Lymphocytic choriomeningitis virus

Lymphocytic choriomeningitis virus

MATERIAL SAFETY DATA SHEET - INFECTIOUS SUBSTANCES

SECTION I - INFECTIOUS AGENT

NAME: Lymphocytic choriomeningitis virus

SYNONYM OR CROSS REFERENCE: LCM, lymphocytic meningitis

CHARACTERISTICS: Arenaviridae; ssRNA, enveloped, 50-150 nm diameter

SECTION II - HEALTH HAZARD

PATHOGENICITY: Biphasic febrile illness, diversity of clinical manifestations - mild influenza-like illness or occasionally, meningeal or meningoencephalomyelitic symptoms, transverse myelitis, a Guillain-Barre-type syndrome; orchitis or parotitis; usually short duration; no chronic infection, infection asymptomatic in one third of individuals; rarely fatal, mortality <1%, recovery from severe disease without sequelae in most cases; temporary or permanent neurological damage is possible; pregnancy-related infection has been associated with abortion, congenital hydrocephalus, chorioretinitis and mental retardation

EPIDEMIOLOGY: Initially isolated in 1933; prevalence in humans 2-10%; individuals of all ages are susceptible, infrequent U occurrence, sporadic cases have been reported; outbreaks have occurred from infected pet hamsters or laboratory animals; cases reported in Europe, the Americas, Australia and Japan

HOST RANGE: Humans, guinea pigs, hamsters, mice, monkeys

INFECTIOUS DOSE: Unknown

MODE OF TRANSMISSION: Infected mice excrete virus in saliva, urine and feces; man is infected through inhalation of infectious aerosolized particles of rodent urine, feces or saliva, food contaminated with virus, contamination of mucus membranes, skin lesions or cuts with infected body fluids

INCUBATION PERIOD: 8-13 days; 15-21 days (meningeal symptoms)

COMMUNICABILITY: No evidence of person to person spread; vertical transmission from mother to child is possible

SECTION III - DISSEMINATION

RESERVOIR: House mouse (Mus musculus) - virus is harboured throughout life of mouse and transmitted to offspring which become healthy carriers; natural infections also occur in non-human primates (including macaques and marmosets), swine, dogs, hamsters, guinea pigs

ZOONOSIS: Yes

VECTORS: None

SECTION IV - VIABILITY

DRUG SUSCEPTIBILITY: evidence of ribavirin susceptibility from in vitro studies

SUSCEPTIBILITY TO DISINFECTANTS: Susceptible to 1% sodium hypochlorite, 2% glutaraldehyde, 70% ethanol, formaldehyde

PHYSICAL INACTIVATION: Sensitive to heat inactivation

SURVIVAL OUTSIDE HOST: Virus survives out of host - mice droppings

SECTION V - MEDICAL

SURVEILLANCE: Monitor for symptoms; confirmation by virus isolation, serology

FIRST AID/TREATMENT: No specific treatment; anti-inflammatory drugs may be useful

IMMUNIZATION: None available

PROPHYLAXIS: None available

SECTION VI - LABORATORY HAZARDS

LABORATORY-ACQUIRED INFECTIONS: Well documented hazard (46 cases with 5 deaths), especially from infected laboratory rodents (hamsters and mice); cases also reported arising from contaminated cell lines

SOURCES/SPECIMENS: Blood, CSF, urine, secretions of the nasopharynx, feces; infected tissues from animals or human sources; presence of virus may be ascertained by inoculation of sample into uninfected mice, presence of specific antibodies by ELISA or IFA is considered diagnostic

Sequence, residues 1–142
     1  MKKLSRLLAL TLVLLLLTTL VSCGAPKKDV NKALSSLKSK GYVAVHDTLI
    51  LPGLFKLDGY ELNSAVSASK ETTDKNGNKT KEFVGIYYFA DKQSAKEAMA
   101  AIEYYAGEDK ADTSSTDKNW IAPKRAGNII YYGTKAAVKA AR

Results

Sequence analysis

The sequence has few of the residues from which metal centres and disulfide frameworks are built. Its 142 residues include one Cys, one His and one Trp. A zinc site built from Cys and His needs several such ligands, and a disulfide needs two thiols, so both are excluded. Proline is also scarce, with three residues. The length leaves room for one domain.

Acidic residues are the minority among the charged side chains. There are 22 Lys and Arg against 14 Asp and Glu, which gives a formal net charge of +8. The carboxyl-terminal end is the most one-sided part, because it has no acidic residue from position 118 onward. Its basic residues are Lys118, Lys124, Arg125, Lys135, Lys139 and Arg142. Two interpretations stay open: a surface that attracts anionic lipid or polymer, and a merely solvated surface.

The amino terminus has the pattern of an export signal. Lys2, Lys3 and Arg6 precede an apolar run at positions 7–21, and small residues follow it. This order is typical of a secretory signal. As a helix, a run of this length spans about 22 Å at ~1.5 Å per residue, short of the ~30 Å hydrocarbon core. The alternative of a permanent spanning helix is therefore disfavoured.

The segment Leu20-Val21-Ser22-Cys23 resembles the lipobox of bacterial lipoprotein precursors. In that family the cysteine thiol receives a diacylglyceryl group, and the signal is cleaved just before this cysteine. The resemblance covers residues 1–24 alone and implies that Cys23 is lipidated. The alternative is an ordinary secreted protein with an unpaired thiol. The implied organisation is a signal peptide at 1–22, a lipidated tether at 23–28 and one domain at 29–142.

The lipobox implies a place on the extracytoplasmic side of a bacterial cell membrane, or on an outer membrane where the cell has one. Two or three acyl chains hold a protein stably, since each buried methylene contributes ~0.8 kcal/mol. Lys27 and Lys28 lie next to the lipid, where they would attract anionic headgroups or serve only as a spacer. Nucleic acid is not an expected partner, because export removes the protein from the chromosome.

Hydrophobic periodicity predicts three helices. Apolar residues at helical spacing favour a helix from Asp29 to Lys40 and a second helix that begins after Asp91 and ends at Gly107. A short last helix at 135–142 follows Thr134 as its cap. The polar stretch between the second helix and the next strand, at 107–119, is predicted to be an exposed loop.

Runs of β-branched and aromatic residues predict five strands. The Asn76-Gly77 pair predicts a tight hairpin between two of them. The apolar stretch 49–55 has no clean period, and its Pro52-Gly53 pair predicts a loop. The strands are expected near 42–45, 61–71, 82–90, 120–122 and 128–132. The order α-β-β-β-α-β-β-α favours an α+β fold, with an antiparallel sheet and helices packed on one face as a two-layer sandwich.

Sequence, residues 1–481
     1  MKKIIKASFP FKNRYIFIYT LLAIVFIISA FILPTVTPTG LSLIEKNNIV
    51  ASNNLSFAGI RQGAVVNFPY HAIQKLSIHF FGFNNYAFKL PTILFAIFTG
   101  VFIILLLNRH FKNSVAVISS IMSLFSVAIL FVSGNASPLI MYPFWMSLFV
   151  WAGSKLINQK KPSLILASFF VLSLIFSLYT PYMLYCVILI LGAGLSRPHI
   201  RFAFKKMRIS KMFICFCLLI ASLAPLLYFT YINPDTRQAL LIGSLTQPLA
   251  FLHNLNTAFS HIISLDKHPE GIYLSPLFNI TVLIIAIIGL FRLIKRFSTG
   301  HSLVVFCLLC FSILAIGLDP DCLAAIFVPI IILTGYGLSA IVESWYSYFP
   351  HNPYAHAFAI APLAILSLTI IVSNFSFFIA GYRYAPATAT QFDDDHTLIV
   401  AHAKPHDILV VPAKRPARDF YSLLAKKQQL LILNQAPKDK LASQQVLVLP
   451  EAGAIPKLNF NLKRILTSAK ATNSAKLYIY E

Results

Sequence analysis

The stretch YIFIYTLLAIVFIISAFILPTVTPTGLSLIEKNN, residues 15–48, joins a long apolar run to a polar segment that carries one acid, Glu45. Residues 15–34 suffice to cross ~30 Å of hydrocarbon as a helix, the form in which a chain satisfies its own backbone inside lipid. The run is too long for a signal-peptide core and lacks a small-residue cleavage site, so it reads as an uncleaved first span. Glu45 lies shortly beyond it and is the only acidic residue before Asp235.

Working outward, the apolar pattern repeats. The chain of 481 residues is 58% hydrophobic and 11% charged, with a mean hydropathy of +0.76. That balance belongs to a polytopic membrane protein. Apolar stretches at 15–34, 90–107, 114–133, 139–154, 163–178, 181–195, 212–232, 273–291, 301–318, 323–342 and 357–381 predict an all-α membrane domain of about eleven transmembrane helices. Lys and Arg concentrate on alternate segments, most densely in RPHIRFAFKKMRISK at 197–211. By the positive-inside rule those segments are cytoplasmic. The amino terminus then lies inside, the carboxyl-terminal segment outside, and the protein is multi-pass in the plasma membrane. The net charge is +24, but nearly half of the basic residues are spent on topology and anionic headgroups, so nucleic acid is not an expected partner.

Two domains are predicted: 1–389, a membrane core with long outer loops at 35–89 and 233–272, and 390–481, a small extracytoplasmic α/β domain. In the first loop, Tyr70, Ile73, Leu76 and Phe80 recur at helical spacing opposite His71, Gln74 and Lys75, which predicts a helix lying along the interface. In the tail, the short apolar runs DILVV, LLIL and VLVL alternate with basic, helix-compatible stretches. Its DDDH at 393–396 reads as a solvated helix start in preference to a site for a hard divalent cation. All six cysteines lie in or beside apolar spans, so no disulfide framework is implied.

PRIMARY HAZARDS: Parenteral inoculation, inhalation, contamination of mucous membranes or broken skin with infected animal tissues or fluids, and exposure to infectious aerosols

SPECIAL HAZARDS: Contaminated tissue cultures represent a potential hazard

SECTION VII - RECOMMENDED PRECAUTIONS

CONTAINMENT REQUIREMENTS: Biosafety level 2 practices safety equipment and facilities for laboratory-adapted LCM strains; biosafety level 3 practices, safety equipment, and facilities for activities involving the manipulation of the neurotropic strains of virus and animal studies

PROTECTIVE CLOTHING: Laboratory coat; gloves and gown with tight wrists and tie in back should be worn while working with infectious materials

OTHER PRECAUTIONS: Special precautions when working with infected hamsters may be indicated (HEPA filtered respirator); virus may pose a special risk during preganancy because of potential infection of the fetus

SECTION VIII - HANDLING INFORMATION

SPILLS: Allow aerosols to settle; wearing protective clothing, gently cover spill with paper towel and apply 1% sodium hypochlorite, starting at perimeter and working towards the centre; allow sufficient contact time before clean up (30 min)

DISPOSAL: Decontaminate before disposal; steam sterilization, chemical disinfection, incineration

STORAGE: In sealed containers that are appropriately labelled

SECTION IX - MISCELLANEOUS INFORMATION

Date prepared: March, 2001

Prepared by: Office of Laboratory Security, PHAC

Although the information, opinions and recommendations contained in this Material Safety Data Sheet are compiled from sources believed to be reliable, we accept no responsibility for the accuracy, sufficiency, or reliability or for any loss or injury resulting from the use of the information. Newly discovered hazards are frequent and this information may not be completely up to date.

Copyright © Health Canada, 2001

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